There were two resident who spoke in support of the variances. The first said that the hospital was not afraid of the drill site and so neither should we. Furthermore, there was a lot of fear in the room, but that it was unfounded. The second said that it [Riverwalk] is just vacant land now and that the Barnett Shale is here to stay.

Then, a number of the people who were being paid to attend spoke in favor of the variances.

Next, the board proceeded to read approximately 20 emails that had allegedly been received in support of the variances. (I say "allegedly" as many of them did not have addresses, some were obviously from businesses and a number even identified themselves as being from outside of Flower Mound--one was even from out of state--Escondido, CA.)

The Board then went into "executive session" where they proceeded to debate, among themselves, the proposed variances.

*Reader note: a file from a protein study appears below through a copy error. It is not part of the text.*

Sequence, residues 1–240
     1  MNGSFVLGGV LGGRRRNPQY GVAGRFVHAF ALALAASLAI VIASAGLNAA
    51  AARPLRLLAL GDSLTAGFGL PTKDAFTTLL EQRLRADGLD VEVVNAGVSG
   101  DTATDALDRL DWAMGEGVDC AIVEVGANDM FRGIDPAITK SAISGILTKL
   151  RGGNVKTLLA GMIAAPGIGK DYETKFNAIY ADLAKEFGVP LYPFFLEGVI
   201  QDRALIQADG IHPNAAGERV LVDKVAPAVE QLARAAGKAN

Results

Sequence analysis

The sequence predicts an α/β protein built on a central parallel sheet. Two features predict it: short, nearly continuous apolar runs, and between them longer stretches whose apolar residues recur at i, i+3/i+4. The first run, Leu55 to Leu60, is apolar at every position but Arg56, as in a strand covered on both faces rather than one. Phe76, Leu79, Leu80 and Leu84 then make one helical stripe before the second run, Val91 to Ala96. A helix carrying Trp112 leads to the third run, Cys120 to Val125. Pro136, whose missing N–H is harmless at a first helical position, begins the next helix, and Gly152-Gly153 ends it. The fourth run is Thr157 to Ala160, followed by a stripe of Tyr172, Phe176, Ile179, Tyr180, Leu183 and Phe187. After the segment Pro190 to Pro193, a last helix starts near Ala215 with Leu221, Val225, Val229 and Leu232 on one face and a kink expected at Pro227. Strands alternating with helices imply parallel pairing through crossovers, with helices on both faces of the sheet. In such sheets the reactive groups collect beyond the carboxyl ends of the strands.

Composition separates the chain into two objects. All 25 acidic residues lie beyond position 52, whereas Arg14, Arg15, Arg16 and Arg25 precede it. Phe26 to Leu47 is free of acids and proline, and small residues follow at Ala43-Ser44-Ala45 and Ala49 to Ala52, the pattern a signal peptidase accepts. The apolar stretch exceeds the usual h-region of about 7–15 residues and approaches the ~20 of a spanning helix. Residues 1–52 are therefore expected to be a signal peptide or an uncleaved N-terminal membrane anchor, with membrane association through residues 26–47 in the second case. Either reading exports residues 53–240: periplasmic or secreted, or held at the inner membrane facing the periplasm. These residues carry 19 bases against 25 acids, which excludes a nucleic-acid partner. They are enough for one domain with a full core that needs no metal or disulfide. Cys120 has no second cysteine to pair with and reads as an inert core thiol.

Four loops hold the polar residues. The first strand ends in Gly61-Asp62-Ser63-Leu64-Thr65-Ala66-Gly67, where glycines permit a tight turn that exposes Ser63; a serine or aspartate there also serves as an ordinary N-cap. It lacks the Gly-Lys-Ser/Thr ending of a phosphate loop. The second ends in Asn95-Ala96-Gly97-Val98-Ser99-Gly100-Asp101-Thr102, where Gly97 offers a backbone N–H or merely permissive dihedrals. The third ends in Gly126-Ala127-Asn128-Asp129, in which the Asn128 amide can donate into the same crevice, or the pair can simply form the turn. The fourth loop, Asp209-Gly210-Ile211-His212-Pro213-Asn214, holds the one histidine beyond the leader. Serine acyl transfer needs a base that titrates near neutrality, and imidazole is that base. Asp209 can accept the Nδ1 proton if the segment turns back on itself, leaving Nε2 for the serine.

Here are some of their comments:

Alisa Rich: Concern over the proposed transportation routes (407 and 2499); drilling is not necessarily in conflict with the Master Plan; she has a problem with the proposed pad being just 700 feet from a school; does not think that there is an imminent danger of explosion as there is new technology

Tina Miller: Not in favor; this whole process was put together eight years ago and the process works. She said that Flower Mound is well-served with the current ordinance and we should keep it and this isn't the right time to be doing this. The residents of Flower Mound have been accused of not being "developer friendly", but this isn't so. They love their town as is and there are just certain areas that should not be developed.